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1998 Victims of US Embassy bombings guaranteed equal compensation in agreement with Sudan

WASHINGTON – Victims of the 1998 bombings against two United States embassies in East Africa will soon receive up to $ 485 million in compensation as part of a sweeping settlement to remove Sudan from the list of states that support terrorism and, in turn, promote peace with Israel.

But the deal, which is part of the $ 2.3 trillion spending program that Congress is set to approve on Monday, leaves Sudan responsible for potentially billions of dollars in additional payments to the families of those who have. were killed in the attacks of September 11, 2001..

The deal largely puts months of fierce negotiations between the Trump administration and Congress to rest on how to help Sudan’s fragile transitional government and the debt-riddled economy by settling numerous lawsuits that blamed the country of harboring al-Qaeda, mainly in the 1990s.

It also ensures that the American victims of the bombings of the embassies in Kenya and Tanzania – whether they are United States citizens at the time of the attacks or naturalized later – will receive fair compensation by adding up to 150 million. of payments in addition to the 335 million dollars which Sudan has pledged.

The money should be returned to the victims of the attacks in the days and weeks to come, according to a person familiar with the negotiations, who spoke on condition of anonymity to discuss the current legislation.

“Finally, I can turn the page and carry on the rest of my life,” said Ellen Bomer, a former Commerce Department employee who was blinded and suffering from post-traumatic stress after the explosion at the U.S. Embassy in Nairobi, Kenya. August 7, 1998.

“I believe that justice prevails,” she added.

Relatives of 9/11 victims also hailed the deal that allowed their own lawsuits against Sudan – filed in Manhattan federal court from 2002-2004 – to continue despite strong opposition from the Trump administration and the government. from Khartoum.

“The White House has worked all year to give up our rights, in an apparent effort to secure an independent diplomatic victory,” said Terry Strada, whose husband, Tom Strada, was killed in the attack on World Trade Center in New York. . “We can now return to our quest for justice and accountability against those who allowed the murders of our loved ones.”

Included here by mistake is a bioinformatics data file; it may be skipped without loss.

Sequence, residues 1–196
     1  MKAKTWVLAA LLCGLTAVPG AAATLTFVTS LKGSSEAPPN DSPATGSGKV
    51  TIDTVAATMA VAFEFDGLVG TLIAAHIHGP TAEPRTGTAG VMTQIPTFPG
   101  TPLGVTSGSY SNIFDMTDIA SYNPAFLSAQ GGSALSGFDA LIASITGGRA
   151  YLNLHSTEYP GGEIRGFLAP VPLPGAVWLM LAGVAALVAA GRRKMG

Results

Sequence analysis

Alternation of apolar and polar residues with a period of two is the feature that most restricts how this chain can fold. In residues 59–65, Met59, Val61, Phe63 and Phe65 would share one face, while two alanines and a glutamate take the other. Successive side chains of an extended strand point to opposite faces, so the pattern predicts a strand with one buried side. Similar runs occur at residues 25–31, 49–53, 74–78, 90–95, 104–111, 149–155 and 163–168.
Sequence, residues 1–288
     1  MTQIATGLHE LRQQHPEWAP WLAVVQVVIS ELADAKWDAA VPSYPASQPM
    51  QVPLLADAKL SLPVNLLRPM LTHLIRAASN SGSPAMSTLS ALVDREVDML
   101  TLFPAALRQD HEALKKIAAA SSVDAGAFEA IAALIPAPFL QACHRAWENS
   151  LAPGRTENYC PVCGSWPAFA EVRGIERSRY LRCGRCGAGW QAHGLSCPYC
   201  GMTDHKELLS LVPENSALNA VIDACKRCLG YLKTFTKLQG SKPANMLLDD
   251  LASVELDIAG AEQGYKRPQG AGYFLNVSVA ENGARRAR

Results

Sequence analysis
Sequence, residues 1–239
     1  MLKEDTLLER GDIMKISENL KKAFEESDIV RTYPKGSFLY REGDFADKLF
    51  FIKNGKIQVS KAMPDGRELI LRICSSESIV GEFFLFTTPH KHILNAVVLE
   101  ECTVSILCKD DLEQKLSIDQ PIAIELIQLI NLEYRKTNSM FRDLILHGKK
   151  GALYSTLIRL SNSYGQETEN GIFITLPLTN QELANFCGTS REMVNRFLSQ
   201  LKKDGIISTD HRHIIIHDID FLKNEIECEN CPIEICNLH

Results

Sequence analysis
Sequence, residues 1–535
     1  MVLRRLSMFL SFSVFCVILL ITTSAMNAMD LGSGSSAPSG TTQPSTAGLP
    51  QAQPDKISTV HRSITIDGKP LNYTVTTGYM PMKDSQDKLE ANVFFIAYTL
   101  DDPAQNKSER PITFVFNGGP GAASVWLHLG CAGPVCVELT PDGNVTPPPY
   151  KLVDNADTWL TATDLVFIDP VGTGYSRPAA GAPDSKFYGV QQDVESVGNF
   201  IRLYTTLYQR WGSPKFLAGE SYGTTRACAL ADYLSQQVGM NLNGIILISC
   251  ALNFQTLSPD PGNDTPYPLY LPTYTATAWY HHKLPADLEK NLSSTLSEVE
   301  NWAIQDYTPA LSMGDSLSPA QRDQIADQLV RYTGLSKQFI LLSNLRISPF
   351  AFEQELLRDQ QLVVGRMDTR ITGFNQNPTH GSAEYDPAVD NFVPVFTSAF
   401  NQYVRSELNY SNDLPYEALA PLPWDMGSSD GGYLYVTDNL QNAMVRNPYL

Sudanese leaders had requested immunity from all terrorism-related lawsuits filed after 1993 – including by families of 9/11 – as part of a broader deal that also tied its removal from the US terrorism list to the acceptance to normalize relations with Israel. President Trump announced in October that Sudan was the third Arab state to sign the Abraham’s Accords, his signing diplomatic campaign to ease tensions for Israel in the Middle East and North Africa.

People close to the diplomatic talks, who spoke on condition of anonymity to discuss the delicate diplomacy, said this month that Sudan had threatened to pull out of the agreements if it did not enjoy full government immunity. Congress, fearing that the lawsuits might scare off foreign investors, leaving little hope of alleviating widespread poverty and instability.

This sticking point has been hotly debated in Khartoum, the capital of Sudan, over the past week, according to people familiar with the negotiations. While disappointed that their country did not receive the so-called legal peace it demanded, officials said Sudanese leaders ultimately decided to stay in peace deals with Israel in exchange for $ 931 million. US aid, loans and debt relief included in the spending bill – and take on 9/11 families in court.

“Sudan is convinced that it will go against these claims,” ​​said Christopher M. Curran, a Washington-based lawyer who was among Sudan’s representatives in the negotiations.

He said Sudan maintained that it did not support Al Qaeda in the September 11 attacks and was only held responsible for the bombings against the embassy in East Africa. after the government of its former president and dictator, Omar Hassan al-Bashir, failed to defend itself in US courts.

Officials on all sides of the debate hope the new aid will help stabilize Sudan and potentially prevent it from being a breeding ground for extremism.

The United States “has critical strategic and national security interests to support Sudan’s fragile transition to democracy,” said Senators Chuck Schumer of New York and Bob Menendez of New Jersey, both Democrats. “However, this support must not and will not come at the expense of protecting the rights of victims of terrorism.”

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